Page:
Russell Simmons On Occupy Wall Street: 'It Is My Moral Duty To Do This'

Why Russell Simmons Wants To Change The Constitution

No celebrity supports the "Occupy" movement more fervently than Russell Simmons, founder of DefJam and and author of Super Rich: A Guide To Having It All. Not only has he visited Occupy Wall Street nearly every day since the protests began, but he has started on a cross-country tour of different protest sites to gather grassroots support for his proposed Constitutional amendment that would ban private donations to candidates running for federal public office.

He recently told The Huffington Post that this could be one of the most important things he has ever done, explaining why he is trying to change the Constitution and why people should take him seriously.

You are a very successful businessman. Some might even call you part of the one percent. Why are you bothering with the Occupy movement?

It's part of human kindness and I feel it is my moral duty to do this. You give what you get. I want to do what I can to relieve suffering and improve the quality of other's lives. A yogi’s commitment to life is to relieve suffering, protect all beings and improve the quality of life for all.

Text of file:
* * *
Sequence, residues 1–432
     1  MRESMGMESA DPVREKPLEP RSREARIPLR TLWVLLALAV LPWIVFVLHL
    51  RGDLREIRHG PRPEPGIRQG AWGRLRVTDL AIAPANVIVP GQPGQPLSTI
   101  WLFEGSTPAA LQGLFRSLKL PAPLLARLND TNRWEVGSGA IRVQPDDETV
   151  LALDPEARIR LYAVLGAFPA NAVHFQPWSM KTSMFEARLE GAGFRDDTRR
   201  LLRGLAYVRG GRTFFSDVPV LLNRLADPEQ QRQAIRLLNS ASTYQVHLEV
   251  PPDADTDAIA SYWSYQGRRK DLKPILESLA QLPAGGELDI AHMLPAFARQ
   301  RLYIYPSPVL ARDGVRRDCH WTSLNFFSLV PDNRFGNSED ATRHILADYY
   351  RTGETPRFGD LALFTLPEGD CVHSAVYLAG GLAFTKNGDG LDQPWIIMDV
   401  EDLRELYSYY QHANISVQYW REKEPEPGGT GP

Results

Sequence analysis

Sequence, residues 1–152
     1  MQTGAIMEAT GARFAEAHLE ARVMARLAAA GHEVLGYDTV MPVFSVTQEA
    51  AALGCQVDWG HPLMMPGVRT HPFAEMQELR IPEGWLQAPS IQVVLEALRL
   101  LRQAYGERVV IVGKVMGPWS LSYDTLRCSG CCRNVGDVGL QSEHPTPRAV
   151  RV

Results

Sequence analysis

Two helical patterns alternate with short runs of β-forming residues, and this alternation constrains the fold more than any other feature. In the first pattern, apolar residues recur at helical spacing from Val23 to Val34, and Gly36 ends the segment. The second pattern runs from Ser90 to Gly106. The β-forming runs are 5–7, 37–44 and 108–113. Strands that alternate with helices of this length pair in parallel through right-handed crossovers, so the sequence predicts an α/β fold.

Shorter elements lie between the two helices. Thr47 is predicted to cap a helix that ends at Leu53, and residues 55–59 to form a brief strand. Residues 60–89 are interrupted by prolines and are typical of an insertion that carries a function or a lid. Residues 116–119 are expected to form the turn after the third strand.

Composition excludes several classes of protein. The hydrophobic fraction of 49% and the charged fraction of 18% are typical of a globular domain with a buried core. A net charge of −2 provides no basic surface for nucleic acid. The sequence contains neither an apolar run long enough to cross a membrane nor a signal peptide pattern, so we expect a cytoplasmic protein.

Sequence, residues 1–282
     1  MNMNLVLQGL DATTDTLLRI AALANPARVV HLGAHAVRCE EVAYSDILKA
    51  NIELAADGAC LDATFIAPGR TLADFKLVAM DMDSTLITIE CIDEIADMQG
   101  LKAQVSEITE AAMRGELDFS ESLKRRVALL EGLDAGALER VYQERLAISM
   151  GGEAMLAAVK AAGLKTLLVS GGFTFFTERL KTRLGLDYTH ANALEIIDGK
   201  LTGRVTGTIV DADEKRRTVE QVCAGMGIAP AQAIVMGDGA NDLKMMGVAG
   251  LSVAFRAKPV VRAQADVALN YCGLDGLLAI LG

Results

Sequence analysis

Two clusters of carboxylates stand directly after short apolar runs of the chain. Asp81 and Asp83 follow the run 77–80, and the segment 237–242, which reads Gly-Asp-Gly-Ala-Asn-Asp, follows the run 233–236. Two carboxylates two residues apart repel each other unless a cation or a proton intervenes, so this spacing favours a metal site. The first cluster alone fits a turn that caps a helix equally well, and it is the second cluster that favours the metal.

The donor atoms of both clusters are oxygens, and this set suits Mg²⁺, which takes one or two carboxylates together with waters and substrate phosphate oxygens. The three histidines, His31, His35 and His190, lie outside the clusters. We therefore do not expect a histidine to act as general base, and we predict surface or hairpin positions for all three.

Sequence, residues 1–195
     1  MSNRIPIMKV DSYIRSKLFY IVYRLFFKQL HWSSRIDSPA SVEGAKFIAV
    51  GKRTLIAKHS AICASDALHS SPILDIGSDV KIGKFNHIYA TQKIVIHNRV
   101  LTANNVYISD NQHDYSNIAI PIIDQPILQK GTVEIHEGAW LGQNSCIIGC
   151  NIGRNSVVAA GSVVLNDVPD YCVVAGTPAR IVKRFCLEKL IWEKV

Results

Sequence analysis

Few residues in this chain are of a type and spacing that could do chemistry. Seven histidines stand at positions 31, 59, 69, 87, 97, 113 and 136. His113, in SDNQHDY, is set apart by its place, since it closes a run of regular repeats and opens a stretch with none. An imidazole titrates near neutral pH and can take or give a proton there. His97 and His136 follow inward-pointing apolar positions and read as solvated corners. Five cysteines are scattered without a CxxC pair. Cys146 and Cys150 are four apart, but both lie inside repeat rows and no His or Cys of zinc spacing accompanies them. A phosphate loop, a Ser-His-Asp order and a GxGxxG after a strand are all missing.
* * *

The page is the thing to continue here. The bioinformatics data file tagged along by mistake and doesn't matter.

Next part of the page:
A lot of people see you doing this and think, "Oh, another celebrity with a pet cause." How are you positioned to get this done?

I have the unique resources and relationships to make it happen. I can bring together multiple networks of cultural icons, black clergy and unions to improve the country for the better and a promote a greater, more honest and true democracy.

So what's the next step?

I need to continue to fuel the revolution by traveling around the world and engaging the good people that will do the work. I just hired and brought on Dr. Ben Chavis, the former national director of the Million Man March, to help coordinate efforts.

Which politicians are you hoping to partner with?

I'm not releasing or sharing names until there is strong bipartisan support. I have been speaking with top senators and congressmen who all say it is a great idea, but I know better than anyone that saying it's a great idea and getting it done are two very different things. If eight out of 10 Americans know big business and special interests have too much control of our government, I don’t see why we can't get this done. This is not a far-fetched dream.

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